SF Silent Film Festival, Day 3

The Irrepressible Felix the Cat
This may have been the first theatrical, 35mm presentation of multiple Felix the Cat cartoons ever. The shorts were wild, crazy, bizarre, surreal, and hilarious. The accompaniment added much to the festivities. Donald Soosan and a drummer who's name I didn't get accompanied some of the shorts. Toychestra–a sextet playing toy instruments and a synthesizer–did the rest. They took turns, with Sosin and the drummer doing one cartoon, and Toychestra doing the next. Everyone joined in for the last one, involving a trip to Mars. There was singing from Toychestra, snoring sounds from Sosin, and monkey sounds, clapping, and laughter from the audience. The only disappointment was that it ended.

The Spanish Dancer
I've never been a fan of Pola Negri, the star of The Spanish Dancer. Her acting strikes me as stilted, and she usually played a annoyingly sexless seductress. But she's somewhat more acceptable here, as a gypsy dancer ingenue. Nevertheless, I really enjoyed this swashbuckler.

That had everything to do with the leading man, Antonio Moreno. He plays the joyful, devil-may-care swashbuckling hereo with the optimism of Fairbanks and the energy of Flynn. I'll have to find out more about him.

Donald Sosin once again supplied the music. This time, in addition to the grand piano, he was accompanied by two guitarists, and used a synthisizer as well as his usual grand piano. He had a laptop open, as well.

The Canadian
Not everything is a pleasant surprise. This drama about an Englishwomen who moves to her brother's farm in Alberta and marries a farmhand is only moderately interesting. Mona Palma at first plays the Englishwoman with so much snobbery that she fails to be either believable or sympathetic. She wins some sympathy as her problems build up–especially in one effective, shocking scene–but after that moment the movie slides into predictability. Thomas Meighan gets top billing as the new husband.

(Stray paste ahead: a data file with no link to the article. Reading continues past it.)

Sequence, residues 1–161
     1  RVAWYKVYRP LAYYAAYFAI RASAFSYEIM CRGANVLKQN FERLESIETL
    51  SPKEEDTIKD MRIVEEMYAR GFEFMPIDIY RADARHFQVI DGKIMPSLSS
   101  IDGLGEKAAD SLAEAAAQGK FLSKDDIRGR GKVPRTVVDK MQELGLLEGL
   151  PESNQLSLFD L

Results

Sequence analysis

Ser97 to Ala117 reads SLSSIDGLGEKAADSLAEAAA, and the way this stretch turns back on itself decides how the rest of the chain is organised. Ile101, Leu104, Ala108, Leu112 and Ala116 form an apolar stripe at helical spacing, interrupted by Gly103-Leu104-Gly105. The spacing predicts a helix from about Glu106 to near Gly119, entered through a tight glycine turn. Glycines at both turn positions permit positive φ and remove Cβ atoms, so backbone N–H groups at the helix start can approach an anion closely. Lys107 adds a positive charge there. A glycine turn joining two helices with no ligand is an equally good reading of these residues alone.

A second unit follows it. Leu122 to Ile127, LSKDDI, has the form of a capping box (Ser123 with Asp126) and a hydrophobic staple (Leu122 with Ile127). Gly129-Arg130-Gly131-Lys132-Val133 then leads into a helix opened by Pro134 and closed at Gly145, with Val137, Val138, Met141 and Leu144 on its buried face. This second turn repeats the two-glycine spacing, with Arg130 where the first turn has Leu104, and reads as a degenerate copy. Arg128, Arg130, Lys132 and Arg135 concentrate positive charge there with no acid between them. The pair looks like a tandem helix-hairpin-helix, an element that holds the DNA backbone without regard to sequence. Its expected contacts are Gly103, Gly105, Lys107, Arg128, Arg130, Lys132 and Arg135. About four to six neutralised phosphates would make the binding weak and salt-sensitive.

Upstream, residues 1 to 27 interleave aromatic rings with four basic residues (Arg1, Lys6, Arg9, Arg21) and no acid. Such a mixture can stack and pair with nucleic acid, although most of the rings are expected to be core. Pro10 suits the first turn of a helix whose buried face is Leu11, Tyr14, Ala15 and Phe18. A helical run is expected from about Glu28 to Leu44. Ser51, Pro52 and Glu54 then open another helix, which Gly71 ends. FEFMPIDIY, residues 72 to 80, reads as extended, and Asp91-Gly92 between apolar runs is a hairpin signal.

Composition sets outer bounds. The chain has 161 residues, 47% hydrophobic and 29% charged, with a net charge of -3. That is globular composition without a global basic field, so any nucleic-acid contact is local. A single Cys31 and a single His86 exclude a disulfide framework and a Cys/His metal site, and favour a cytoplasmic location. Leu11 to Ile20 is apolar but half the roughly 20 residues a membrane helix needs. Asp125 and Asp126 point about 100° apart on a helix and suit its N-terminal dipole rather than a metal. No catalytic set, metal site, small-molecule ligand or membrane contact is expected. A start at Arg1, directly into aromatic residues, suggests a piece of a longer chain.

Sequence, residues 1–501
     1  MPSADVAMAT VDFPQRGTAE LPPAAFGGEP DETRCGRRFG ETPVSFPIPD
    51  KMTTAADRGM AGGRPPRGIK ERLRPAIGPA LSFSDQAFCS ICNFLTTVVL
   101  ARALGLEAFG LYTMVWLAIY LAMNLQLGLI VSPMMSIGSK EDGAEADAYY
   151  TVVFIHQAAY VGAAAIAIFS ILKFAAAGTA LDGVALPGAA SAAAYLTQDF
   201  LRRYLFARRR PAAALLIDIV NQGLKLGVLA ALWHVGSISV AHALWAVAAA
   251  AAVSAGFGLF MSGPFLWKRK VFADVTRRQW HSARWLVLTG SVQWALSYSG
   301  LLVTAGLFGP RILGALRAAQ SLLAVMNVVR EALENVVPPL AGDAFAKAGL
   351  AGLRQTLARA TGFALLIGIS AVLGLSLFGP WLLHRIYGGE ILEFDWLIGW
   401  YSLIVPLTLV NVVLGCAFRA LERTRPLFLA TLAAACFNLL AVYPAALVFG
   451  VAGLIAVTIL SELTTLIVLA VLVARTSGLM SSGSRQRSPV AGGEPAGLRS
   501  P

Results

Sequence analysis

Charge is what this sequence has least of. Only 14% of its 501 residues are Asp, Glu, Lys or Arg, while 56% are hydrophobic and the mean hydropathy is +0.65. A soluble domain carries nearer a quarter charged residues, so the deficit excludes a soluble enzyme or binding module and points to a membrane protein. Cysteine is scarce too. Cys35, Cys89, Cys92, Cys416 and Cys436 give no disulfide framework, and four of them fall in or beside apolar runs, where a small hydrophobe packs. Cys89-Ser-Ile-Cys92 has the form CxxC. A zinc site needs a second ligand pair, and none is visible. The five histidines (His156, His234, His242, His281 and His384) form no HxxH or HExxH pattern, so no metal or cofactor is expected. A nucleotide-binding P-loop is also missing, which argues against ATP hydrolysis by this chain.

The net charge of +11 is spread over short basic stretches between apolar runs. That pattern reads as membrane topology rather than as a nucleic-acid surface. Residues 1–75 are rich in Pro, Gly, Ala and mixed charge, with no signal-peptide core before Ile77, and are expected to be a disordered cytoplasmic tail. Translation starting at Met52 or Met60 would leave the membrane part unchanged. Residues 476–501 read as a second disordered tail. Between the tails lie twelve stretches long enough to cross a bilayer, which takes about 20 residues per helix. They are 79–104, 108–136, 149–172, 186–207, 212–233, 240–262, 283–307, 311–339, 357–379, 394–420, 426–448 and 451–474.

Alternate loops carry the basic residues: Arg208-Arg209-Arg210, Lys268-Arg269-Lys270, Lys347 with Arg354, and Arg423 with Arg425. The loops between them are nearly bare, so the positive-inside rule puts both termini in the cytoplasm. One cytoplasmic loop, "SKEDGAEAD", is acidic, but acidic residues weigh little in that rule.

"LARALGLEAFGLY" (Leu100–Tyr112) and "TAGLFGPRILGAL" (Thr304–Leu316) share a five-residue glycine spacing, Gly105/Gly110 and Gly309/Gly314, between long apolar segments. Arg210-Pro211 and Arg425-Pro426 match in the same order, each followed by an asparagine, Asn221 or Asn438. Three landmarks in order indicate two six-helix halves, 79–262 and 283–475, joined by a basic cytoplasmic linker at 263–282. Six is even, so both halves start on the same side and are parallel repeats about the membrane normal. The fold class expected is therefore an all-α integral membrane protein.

Stephen Horne's accompaniment, on piano and accordian, was better than the movie.

South
The good:

  • The whole Shackleton story of spectacular failure turning into spectacular success, is just so amazing and incredible.
  • The fact that there is a cinemagraphic record of this voyage is even more amazing.
  • Stephen Horne's musical score on piano and other instruments.
  • Actor Paul McGann's dramatic readings from Shackleton's diary.

The bad:

  • Nowhere near enough of McGann's dramatic readings from Shackleton's diary.
  • The movie is horribly padded with “cute” animal photography.
  • It was projected off a very bad digital source. My guess: A heavily-compressed DVD.
  • Although the screening started on time, it ended very late. That contributed to the biggest problem of he day. Read on:

Pandora's Box
We had to wait. South ended, with a pretty full house, only half an hour before Pandora's Box (which was sold out) was scheduled to open. Other delays inside (I don't know the details) delayed things further. The show finally started at 8:00.

I've loved this film for 20 or more years, but I've never experienced it like I did tonight.

First, there's the restoration: Previous screenings showed a film that was literally in black and white, without shades of gray. The new Pandora's Box showed the full monochrome range, and a great deal more detail. I could appreciate the lighting, the photography, and the acting better than ever. The bridal bedroom scene felt like the dark corners of the soul. And I wasn't so sure of Louise Brook's Lulu's naive innocence. There were times when I felt that she understood the destructive consequences of her behavior…maybe. That made her all the more interesting and, oddly, her tragedy all the sadder.

Then there was the music by Matti Bye Ensemble. Heavy on drums and strings, it created a sense of relentless motion and doom. This was, thanks to Matti Bye, the darkest Pandora's Box I've ever experienced. I loved it.

Because of the delay, I didn't stay for The Overcoat.

 

One thought on “SF Silent Film Festival, Day 3

  1. Hey Lincoln, I agree that this was the darkest Pandora’s Box I’ve ever seen–or more properly, heard. I think Mattie Bye’s score is relentlessly doomy, without enough levity for some of the funnier or sillier scenes to make us appreciate the contrast.

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